Heat leaving tires in the dust | News
OKLAHOMA CITY -- Retired Oklahoma Highway Patrol Chief Jerry Cason is giving a lesson on the dangers record-breaking heat poses on tires. "If you can put your hand on your tire and it is too hot for you to touch, you need to take a break," Cason said.
Tire pressure is measured by pounds per square inch and the levels change with extreme temperature.
Experts say tire pressure can increase one to two pounds every 10 degrees.
That increased temperature makes traction more difficult and it can send you into a tailspin.
Cason said, "We know that there are certain instances where tires have just blown out and contributed to an accident. With this heat, we want to avoid sudden stops, fast acceleration and hard turns because it lessens the grip of the tire. That make you vulnerable to loosing control."
In extreme heat, officials say check the tire pressure every 2 to 3 hours or every 100 miles.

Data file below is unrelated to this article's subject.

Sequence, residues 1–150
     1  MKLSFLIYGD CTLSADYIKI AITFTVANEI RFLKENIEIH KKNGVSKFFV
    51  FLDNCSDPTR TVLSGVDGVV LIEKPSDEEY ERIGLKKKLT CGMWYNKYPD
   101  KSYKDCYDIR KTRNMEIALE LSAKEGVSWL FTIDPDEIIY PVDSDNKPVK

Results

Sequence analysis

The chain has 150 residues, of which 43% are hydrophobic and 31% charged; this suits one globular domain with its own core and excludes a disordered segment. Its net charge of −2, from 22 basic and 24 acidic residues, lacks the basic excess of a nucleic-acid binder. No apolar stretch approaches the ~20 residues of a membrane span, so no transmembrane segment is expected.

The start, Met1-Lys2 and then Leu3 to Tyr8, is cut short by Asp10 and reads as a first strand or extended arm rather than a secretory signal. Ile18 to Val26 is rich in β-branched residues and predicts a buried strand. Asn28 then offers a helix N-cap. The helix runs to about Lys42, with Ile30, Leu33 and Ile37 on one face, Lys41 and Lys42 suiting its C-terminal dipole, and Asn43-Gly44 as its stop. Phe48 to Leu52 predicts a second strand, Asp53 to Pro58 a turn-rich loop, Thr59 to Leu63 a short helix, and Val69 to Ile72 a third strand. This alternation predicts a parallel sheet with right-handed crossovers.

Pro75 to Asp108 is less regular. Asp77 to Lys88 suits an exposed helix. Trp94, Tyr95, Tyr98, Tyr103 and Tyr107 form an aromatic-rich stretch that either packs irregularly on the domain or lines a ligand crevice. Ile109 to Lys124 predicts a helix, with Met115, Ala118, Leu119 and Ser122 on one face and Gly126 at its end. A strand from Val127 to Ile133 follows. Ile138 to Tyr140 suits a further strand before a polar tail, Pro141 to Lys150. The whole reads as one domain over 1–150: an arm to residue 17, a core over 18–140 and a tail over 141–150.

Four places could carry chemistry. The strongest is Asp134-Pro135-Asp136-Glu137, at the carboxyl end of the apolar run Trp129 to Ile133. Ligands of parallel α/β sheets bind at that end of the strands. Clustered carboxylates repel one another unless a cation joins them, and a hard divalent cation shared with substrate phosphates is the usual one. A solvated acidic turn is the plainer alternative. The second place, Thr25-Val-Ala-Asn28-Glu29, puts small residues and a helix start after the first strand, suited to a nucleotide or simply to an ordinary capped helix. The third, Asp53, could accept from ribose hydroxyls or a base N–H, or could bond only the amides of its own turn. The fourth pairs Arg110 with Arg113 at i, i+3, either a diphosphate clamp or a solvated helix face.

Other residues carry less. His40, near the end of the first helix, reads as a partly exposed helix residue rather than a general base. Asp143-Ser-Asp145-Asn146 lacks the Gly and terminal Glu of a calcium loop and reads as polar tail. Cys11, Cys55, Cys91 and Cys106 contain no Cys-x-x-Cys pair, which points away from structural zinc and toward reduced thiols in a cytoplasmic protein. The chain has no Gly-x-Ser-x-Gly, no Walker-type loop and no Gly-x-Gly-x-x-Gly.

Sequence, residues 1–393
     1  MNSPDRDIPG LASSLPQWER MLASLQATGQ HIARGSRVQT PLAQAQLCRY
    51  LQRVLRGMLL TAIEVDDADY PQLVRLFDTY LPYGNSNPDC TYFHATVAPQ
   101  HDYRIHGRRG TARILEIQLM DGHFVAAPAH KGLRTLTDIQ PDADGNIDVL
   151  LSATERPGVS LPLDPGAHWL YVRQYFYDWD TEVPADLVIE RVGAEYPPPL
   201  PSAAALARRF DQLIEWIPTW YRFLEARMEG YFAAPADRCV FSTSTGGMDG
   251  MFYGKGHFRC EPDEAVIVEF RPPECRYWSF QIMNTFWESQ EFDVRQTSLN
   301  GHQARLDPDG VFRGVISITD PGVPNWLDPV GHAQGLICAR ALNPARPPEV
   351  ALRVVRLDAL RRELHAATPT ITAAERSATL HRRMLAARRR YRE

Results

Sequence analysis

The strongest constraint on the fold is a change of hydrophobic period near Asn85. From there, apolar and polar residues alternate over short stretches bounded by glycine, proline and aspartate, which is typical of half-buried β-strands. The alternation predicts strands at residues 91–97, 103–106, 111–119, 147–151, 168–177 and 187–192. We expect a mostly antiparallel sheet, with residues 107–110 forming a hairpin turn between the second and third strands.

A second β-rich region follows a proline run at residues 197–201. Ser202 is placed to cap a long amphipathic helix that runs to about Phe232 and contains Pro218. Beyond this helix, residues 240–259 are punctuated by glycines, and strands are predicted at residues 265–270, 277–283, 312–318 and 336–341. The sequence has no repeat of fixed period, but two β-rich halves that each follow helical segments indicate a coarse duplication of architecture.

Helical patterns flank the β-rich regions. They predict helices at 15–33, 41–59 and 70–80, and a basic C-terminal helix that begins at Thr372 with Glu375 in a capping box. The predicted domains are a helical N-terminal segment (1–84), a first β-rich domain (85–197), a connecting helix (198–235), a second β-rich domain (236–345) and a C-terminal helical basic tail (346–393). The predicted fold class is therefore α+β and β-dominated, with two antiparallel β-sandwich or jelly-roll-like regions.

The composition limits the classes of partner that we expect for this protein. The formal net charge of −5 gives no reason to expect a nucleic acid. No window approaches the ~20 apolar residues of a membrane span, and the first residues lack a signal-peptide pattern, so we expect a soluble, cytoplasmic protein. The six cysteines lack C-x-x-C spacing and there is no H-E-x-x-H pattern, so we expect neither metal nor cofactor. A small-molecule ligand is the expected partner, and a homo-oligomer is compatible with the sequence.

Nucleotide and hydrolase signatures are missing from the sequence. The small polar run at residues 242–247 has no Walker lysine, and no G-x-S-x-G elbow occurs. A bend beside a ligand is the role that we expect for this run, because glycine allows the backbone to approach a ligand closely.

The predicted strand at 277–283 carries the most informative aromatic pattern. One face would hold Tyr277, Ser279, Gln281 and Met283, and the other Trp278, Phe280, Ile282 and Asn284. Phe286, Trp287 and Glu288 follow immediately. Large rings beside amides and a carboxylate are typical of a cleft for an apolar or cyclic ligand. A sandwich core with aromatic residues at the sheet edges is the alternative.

"Manufacturers places a sticker on the door posts that indicate their recommended tire pressure. Tire manufactures usually put that information on the side of the tire."
Officials say it's best to inflate your tires while they are cold or during the cooler part of the day.
Experts also tell us you should check your tires for excessive wear.
The heat can easily damage worn tires.
Another danger Cason wants people to be aware of is the dehydrated driver.
Officials say during this extreme heat, more people are getting behind the wheel while showing the symptoms of dehydration and that can cause accidents as well.
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